Republicans are making progress, albeit slowly, toward replacing Obamacare. Last year, three Republican senators — Tom Coburn, Richard Burr, and Orrin Hatch — outlined a serious plan to replace it with a set of health-care policies that are much more free-market and limited-government in orientation, and not just compared with Obamacare but compared with what we had before it. Senator Coburn is not, alas, in the new Congress, but the other two senators have offered a slightly revised version of the plan with Representative Fred Upton.
Conservatives who worry that Republicans will come up with “Obamacare Lite” and call it a replacement can rest easy about this plan. It has no individual mandate, no employer mandate, no federally supported exchanges, and no Independent Payment Advisory Board. Obamacare essentially outlaws what conservatives consider true health insurance (protection against the risk of financially devastating health expenses); this plan legalizes it, and allows it to compete on a more level playing field than even the pre-Obamacare system did.
The federal tax code has for decades favored employer-provided over individually purchased health insurance, and favored expensive insurance that covers routine health expenses over cheaper insurance that is limited to catastrophic ones. The federal government has also allowed states to create regulatory obstacles to the emergence of a national market in individually purchased insurance. The senators’ proposal vastly diminishes the distortions worked by the tax code and knocks down those obstacles. There will be a limit on the tax break for employer-provided insurance so that it does not reward the most gold-plated plans for their expense. And people who do not have access to employer-provided plans will get tax credits with which to buy their own health insurance.
The Republican plan reduces the total amount of health-care subsidies. More important, it reforms them so that they are less destructive. The old policies — again, even the pre-Obamacare ones — effectively locked some people out of the health-insurance market while distorting the behavior of those who were in it. The proposal takes the most practical approach to remedying this situation: People will get a tax break for health insurance whether they get it themselves or through their employers.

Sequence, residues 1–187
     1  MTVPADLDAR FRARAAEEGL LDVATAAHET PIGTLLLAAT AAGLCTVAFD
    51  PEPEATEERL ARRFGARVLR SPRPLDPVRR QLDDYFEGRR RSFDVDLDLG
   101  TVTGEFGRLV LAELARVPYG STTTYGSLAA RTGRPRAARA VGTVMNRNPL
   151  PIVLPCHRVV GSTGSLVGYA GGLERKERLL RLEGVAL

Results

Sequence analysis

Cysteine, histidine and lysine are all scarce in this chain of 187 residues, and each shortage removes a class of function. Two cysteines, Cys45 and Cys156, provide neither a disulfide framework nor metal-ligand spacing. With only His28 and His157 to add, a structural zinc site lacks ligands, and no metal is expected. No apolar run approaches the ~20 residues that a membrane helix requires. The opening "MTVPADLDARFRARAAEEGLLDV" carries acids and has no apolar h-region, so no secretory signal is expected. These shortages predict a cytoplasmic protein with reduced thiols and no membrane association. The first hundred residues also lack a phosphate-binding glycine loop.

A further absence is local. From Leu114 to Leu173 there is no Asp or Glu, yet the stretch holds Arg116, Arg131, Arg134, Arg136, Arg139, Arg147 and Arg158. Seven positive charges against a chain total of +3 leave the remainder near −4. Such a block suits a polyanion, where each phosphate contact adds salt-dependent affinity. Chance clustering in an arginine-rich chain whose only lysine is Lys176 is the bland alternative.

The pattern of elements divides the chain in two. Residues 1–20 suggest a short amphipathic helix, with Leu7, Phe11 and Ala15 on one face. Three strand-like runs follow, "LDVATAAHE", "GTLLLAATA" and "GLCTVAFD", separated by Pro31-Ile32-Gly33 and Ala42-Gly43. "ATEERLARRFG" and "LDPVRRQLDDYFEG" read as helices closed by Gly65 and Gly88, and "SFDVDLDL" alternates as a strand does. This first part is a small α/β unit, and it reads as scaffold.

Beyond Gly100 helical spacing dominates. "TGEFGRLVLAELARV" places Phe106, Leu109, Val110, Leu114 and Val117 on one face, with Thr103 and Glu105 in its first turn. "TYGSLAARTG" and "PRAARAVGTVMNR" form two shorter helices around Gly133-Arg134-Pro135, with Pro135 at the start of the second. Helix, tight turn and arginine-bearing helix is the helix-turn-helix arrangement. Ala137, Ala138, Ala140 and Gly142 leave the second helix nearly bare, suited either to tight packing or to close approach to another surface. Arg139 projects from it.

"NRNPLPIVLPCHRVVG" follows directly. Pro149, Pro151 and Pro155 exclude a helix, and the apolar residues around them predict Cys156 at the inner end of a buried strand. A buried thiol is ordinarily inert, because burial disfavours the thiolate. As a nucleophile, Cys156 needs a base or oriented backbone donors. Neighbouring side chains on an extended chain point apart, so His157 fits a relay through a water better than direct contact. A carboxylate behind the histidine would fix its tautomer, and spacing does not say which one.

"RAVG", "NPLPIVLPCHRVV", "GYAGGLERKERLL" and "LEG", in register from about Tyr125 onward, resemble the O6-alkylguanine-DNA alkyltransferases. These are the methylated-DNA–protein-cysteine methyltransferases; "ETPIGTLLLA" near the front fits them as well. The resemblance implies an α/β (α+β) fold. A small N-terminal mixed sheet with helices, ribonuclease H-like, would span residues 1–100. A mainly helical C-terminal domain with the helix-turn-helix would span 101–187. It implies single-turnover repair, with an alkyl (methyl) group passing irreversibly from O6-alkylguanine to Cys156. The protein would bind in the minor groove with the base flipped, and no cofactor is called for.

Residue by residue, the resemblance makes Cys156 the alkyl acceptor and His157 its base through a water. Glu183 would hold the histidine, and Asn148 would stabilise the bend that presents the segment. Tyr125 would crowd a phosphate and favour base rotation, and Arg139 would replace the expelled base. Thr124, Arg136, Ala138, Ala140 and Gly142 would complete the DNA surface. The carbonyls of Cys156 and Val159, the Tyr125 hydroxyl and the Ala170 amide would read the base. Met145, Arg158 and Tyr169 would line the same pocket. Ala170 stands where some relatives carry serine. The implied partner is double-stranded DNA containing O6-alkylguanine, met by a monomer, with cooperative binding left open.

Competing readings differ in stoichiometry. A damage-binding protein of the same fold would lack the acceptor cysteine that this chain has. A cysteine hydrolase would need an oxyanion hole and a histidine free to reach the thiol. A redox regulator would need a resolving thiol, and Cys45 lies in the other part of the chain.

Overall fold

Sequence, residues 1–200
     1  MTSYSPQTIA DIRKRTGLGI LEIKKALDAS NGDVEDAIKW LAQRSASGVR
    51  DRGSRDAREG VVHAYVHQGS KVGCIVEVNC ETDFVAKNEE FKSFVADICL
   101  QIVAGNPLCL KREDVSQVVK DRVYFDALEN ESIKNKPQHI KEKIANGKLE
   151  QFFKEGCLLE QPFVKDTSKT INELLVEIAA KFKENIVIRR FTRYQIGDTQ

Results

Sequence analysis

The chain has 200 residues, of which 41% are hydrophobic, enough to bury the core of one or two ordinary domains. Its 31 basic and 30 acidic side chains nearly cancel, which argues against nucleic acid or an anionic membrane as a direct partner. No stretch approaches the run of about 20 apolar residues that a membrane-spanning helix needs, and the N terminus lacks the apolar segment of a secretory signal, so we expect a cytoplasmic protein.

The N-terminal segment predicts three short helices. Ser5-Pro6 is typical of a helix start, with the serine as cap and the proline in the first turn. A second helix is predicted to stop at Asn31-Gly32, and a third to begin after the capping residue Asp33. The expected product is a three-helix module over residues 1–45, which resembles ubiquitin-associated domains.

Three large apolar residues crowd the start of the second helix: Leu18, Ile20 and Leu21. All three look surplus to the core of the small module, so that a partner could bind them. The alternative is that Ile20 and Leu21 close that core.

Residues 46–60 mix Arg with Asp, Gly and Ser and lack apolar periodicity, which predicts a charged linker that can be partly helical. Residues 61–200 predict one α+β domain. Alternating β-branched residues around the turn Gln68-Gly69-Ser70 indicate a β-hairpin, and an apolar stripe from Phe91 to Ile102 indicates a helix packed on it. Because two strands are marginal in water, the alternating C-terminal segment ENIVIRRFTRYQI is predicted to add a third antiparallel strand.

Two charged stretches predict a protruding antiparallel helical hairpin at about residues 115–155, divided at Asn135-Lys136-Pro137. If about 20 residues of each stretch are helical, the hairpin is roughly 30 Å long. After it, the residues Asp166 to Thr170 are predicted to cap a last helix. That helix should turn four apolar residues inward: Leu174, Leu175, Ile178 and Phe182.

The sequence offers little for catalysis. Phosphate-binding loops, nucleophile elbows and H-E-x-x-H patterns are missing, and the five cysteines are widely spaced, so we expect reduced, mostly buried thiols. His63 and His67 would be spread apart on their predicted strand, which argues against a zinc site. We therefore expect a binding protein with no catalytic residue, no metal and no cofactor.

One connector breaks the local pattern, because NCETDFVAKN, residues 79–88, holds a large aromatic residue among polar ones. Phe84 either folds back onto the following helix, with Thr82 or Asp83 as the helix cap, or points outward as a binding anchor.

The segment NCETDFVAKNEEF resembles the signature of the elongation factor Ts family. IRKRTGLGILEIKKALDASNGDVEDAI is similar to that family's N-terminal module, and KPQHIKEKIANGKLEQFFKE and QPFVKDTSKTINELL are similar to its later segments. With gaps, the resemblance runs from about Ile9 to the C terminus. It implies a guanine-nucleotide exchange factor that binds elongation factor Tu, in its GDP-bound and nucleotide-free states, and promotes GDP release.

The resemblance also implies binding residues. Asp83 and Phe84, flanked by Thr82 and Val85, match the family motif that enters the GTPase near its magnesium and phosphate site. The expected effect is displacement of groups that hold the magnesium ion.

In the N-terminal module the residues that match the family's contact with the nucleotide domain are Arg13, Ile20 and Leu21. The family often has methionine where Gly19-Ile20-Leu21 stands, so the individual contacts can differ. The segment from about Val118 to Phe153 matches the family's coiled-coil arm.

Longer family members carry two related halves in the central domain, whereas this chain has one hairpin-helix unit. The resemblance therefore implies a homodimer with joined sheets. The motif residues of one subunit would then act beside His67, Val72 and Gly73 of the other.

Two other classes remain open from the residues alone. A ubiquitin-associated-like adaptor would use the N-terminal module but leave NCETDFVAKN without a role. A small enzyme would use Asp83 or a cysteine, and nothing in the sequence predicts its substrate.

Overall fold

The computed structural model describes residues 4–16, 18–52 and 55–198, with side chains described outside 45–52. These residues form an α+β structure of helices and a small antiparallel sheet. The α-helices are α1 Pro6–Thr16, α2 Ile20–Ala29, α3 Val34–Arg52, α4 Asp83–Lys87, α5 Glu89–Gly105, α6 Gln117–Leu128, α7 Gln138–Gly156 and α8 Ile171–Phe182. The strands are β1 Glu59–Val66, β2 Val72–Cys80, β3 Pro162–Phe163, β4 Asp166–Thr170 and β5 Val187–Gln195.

It also creates the opportunity to liberate many low-income people from Medicaid. States would be allowed to cash out most Medicaid funds and give them to the beneficiaries so that they could participate in the broader insurance market rather than being stuck in that subpar program.
A formal estimate has found that the Republican approach would enable slightly more people to get insurance than Obamacare would — and at lower cost. And it would do this with, of course, a great deal less coercion and while increasing people’s choices.
The plan is not perfect. It keeps Obamacare’s requirement that insurers let adults up to age 26 stay on their parents’ plans, which raises premiums. But because that requirement is popular, and does not make a basically free insurance market unworkable in the way Obamacare’s other regulations do, that may be a trade-off worth making. The proposal also tapers off the amount of tax credits people get based on their income. We would prefer a flat tax credit, both because it would be simpler and because it would keep people’s effective marginal tax rates from rising as they earn more.
This health-care proposal remains, as we said last year, the best one to have emerged from Congress. Especially when combined with the Medicare reforms that almost all Republicans have endorsed, it would go very far toward reducing the influence of federal regulations, taxes, and spending on health-care decisions and toward allowing a functioning market to emerge. It now has the support of the chairmen of the Senate Finance Committee (Hatch) and the House Energy and Commerce Committee (Upton), and the chairman of the House Ways and Means Committee (Paul Ryan) has endorsed a similar approach in the past. Republicans are getting closer to a consensus on how to replace Obamacare, and — with the Supreme Court poised to make the issue ignite once again — not a moment too soon.